The profits from the core operations of Landsbanki and Arion bank are way below the state’s demands, according to a new report by the Banking Administration of Iceland. The administration concludes that the Icelandic banking system has far too many employees.
The headquarters of Landsbanki in central Reykjavík. Photo by Páll Stefánsson.
“If this situation should persist for a long time we wouldn’t accept such profits from the banks’ core operations. But it must be kept in mind that difficult matters are being resolved. I don’t think the report gives us a reason to be pessimistic,” commented Finance Minister Steingrímur J. Sigfússon to Fréttabladid.
Sigfússon said the report is useful and he expects the Banking Administration to make suggestions for improvement shortly. As for the size of the banking system, the minister agrees that it is large in international comparison. “Most people believe that these numbers will change in the coming months and years,” he said.
The Banking Administration’s calculations show that Íslandsbanki is performing much better than the other two banks with a 28.7 to 32.5 percent profit from its basic operations.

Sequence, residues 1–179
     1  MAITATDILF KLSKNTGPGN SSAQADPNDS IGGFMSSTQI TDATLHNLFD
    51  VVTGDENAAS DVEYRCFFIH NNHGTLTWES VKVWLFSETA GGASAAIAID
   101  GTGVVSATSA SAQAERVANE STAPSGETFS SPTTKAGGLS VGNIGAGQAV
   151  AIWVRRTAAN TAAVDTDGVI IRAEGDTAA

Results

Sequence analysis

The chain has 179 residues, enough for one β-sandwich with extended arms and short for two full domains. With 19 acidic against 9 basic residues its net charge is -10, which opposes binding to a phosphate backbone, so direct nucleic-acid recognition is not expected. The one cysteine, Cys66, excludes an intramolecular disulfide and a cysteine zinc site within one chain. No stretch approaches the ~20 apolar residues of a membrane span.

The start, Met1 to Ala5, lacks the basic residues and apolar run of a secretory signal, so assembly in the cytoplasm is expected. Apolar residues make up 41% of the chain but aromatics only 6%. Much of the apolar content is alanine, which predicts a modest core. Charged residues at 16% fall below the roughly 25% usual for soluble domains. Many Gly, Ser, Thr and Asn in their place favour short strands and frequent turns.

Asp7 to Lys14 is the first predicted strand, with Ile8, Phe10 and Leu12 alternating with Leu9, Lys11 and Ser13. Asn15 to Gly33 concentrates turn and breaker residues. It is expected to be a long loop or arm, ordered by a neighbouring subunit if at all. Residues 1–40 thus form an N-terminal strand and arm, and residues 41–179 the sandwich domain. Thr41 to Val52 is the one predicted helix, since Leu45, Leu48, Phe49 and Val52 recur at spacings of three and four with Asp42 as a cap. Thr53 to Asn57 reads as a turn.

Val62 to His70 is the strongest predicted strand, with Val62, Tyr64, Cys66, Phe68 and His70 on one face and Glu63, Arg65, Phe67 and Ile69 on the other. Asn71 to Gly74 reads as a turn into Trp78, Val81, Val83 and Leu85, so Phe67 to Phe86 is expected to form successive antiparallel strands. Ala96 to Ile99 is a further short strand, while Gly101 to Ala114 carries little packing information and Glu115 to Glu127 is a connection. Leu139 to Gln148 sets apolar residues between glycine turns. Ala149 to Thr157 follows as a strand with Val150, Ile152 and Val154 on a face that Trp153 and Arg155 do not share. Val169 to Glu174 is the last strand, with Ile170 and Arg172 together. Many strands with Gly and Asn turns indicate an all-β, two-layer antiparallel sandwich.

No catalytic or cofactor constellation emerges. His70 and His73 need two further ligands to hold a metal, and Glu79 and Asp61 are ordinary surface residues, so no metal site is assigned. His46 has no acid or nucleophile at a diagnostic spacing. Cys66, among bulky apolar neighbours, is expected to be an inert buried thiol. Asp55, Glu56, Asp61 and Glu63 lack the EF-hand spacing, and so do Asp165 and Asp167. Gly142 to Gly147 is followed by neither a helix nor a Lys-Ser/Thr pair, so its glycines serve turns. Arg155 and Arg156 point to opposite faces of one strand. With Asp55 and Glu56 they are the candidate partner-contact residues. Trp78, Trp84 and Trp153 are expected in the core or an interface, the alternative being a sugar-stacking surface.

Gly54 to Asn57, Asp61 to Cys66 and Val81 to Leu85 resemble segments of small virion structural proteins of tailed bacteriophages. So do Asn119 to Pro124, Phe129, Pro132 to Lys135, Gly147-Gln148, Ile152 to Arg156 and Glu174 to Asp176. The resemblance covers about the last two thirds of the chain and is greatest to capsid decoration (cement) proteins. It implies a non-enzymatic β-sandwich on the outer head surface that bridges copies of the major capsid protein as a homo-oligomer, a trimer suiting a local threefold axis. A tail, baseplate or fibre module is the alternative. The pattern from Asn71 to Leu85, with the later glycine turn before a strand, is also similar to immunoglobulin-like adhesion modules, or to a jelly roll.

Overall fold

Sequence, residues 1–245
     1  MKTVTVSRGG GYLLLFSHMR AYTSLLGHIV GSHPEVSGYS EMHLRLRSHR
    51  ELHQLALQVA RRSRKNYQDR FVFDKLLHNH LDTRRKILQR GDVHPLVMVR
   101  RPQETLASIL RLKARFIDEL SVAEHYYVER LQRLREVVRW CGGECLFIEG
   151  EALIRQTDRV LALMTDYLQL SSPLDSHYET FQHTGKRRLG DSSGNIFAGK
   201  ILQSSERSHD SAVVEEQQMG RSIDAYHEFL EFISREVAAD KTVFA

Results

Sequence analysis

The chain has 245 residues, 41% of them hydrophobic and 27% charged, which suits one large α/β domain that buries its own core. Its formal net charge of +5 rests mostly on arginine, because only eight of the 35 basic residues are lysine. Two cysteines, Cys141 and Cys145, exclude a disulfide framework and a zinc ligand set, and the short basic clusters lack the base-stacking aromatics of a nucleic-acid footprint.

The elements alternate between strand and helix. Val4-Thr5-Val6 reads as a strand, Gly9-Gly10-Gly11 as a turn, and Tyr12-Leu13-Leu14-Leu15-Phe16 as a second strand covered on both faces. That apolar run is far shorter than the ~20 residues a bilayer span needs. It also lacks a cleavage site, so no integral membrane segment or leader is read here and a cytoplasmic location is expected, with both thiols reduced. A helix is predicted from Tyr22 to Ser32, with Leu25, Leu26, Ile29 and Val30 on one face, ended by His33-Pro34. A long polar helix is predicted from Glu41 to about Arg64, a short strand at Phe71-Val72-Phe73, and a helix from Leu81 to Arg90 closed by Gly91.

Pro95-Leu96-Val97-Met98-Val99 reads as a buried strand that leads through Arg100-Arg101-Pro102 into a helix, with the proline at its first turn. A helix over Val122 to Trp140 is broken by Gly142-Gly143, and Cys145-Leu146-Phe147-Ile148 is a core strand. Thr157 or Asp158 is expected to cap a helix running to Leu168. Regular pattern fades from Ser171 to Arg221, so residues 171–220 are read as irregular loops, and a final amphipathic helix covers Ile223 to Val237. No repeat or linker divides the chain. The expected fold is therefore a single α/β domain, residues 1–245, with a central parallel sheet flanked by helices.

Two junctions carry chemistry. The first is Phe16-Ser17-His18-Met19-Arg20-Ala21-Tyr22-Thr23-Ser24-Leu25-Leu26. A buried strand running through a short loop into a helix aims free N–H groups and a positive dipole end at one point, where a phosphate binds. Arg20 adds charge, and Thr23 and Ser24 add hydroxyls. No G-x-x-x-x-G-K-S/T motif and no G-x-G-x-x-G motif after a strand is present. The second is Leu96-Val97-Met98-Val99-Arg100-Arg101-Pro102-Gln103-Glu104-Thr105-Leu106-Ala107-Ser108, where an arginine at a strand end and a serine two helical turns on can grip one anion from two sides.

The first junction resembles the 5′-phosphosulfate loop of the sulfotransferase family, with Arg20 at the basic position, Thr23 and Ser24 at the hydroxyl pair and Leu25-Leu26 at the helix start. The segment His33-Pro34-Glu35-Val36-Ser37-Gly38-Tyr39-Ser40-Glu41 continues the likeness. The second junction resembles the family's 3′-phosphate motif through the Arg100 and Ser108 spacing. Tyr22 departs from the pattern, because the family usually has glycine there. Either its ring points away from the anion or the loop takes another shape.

Arion Bank has a 3.8 to 7.9 percent profit from its basic operations while Landsbanki bottoms out with a profit of only 2.4 to 6.4 percent. A natural profit expectation is evaluated at approximately 15 percent.
Elín Jónsdóttir, director of the Banking Administration, would not reveal which actions she finds necessary to improve the banks’ profitability.
The minister also said that Landsbanki’s situation is understandable considering the projects the bank is working on in regard to companies and export industries. There are no plans to change the state’s situation within the bank, he stated.
The state has a share in all of Iceland’s three largest banks; the highest of which is in Landsbanki, 81.3 percent. The state holds a 13 percent share in Arion Bank (formerly Kaupthing) and five percent in Íslandsbanki (formerly Glitnir). In total the state has ISK 190 billion (USD 1.5 billion, EUR 1.2 billion) tied up in the banks.